- 46. Elmore CL, Wu X, Leclerc D, Watson ED, Bottiglieri T, et al. (2007) Metabolic derangement of methionine and folate metabolism in mice deficient in methionine synthase reductase. Mol Genet Metab 91: 85–97.
- 47. Debrand E, El Jai Y, Spence L, Bate N, Praekelt U, et al. (2009) Talin 2 is a large and complex gene encoding multiple transcripts and protein isoforms. FEBS J 276: 1610–1628.
- 48. Christian M, Cermak T, Doyle EL, Schmidt C, Zhang F, et al. (2010) Targeting DNA double-strand breaks with TAL effector nucleases. Genetics 186: 757–761.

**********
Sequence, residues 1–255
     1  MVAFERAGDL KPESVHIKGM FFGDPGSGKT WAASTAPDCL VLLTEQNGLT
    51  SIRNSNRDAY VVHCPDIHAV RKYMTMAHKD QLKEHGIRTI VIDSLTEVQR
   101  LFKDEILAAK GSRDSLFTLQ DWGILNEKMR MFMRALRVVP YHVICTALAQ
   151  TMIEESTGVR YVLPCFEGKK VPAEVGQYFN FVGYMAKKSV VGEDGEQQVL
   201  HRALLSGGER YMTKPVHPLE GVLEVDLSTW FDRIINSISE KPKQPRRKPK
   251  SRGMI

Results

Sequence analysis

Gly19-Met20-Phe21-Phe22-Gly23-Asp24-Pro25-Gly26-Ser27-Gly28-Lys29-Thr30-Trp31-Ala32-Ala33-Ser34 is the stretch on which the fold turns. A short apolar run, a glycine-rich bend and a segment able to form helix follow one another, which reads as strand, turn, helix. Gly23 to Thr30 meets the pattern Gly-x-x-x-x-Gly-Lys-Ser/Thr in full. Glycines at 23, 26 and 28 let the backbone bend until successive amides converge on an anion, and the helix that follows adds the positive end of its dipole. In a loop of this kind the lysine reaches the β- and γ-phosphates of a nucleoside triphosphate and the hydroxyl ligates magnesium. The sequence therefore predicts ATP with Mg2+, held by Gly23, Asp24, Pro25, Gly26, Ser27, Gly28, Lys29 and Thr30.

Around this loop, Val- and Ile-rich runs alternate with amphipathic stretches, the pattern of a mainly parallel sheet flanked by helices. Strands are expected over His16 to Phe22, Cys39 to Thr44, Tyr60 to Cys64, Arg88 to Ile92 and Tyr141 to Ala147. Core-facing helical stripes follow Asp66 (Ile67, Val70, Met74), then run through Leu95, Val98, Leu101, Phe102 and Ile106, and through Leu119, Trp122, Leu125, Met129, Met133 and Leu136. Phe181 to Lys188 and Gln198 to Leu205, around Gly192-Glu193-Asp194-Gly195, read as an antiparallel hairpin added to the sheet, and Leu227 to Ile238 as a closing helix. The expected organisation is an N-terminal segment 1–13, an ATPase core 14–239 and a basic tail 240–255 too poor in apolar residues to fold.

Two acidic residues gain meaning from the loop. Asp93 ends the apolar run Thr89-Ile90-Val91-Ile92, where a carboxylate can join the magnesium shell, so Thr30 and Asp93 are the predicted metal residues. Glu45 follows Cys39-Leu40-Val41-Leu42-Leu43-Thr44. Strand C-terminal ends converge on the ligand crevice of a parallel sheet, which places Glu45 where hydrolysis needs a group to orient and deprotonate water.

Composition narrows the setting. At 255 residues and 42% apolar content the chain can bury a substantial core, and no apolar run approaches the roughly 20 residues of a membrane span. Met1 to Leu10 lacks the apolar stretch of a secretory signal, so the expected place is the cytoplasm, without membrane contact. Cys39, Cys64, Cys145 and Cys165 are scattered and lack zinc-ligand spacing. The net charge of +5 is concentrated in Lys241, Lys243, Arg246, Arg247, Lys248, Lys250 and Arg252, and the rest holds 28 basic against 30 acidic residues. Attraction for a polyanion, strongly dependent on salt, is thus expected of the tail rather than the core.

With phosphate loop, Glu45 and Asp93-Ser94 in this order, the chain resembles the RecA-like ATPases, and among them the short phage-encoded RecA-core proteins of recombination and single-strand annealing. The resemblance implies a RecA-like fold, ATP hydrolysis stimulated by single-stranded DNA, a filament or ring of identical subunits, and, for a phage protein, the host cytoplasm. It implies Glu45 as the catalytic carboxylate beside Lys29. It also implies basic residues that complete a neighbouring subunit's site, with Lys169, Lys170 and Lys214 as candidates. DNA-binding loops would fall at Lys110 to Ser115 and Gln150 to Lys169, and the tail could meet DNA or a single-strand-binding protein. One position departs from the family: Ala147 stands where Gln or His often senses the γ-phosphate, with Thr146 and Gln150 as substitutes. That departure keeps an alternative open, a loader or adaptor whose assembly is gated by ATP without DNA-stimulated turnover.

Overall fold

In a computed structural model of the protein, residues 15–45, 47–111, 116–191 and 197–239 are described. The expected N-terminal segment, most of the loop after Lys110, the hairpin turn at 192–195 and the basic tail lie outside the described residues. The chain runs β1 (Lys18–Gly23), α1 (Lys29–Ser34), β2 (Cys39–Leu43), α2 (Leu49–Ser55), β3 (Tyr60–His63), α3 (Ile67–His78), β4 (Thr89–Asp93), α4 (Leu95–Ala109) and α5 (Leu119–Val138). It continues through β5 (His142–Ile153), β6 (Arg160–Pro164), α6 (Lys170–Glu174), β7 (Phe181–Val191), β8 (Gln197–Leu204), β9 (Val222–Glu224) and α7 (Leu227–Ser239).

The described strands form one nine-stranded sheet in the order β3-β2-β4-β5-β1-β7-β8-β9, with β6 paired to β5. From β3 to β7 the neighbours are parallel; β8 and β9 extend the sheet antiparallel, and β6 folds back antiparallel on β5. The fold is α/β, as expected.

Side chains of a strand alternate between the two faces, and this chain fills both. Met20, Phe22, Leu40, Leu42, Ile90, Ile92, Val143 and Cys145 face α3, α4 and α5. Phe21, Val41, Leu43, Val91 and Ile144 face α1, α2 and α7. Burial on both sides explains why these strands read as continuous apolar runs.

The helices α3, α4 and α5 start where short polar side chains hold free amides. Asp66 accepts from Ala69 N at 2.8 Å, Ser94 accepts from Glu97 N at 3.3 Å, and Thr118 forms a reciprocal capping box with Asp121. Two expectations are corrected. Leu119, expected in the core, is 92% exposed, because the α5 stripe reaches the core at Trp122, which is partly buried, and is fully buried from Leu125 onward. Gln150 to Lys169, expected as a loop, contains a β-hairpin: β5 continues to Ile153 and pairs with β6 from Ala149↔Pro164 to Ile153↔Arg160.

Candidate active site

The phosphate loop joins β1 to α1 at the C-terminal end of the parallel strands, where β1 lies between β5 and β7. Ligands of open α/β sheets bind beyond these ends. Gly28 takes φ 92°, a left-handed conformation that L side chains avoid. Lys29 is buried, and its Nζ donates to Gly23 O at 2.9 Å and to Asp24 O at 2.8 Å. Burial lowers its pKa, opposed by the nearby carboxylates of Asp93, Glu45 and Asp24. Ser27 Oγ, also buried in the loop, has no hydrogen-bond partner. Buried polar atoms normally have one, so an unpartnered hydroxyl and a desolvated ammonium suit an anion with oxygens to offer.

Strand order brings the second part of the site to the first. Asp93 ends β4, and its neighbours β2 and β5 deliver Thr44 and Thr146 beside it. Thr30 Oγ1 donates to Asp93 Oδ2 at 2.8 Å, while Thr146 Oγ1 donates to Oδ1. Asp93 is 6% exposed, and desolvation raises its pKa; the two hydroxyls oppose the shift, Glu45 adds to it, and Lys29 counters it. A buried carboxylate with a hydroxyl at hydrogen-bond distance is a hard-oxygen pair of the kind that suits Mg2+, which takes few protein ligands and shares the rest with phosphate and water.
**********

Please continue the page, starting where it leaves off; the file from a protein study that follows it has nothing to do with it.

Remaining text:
- 49. Miller JC, Tan S, Qiao G, Barlow KA, Wang J, et al. (2011) A TALE nuclease architecture for efficient genome editing. Nat Biotechnol 29: 143–148.
- 50. Ishida Y, Leder P (1999) RET: a poly A-trap retrovirus vector for reversible disruption and expression monitoring of genes in living cells. Nucleic Acids Res 27: e35.
- 51. Rago C, Vogelstein B, Bunz F (2007) Genetic knockouts and knockins in human somatic cells. Nat Protoc 2: 2734–2746.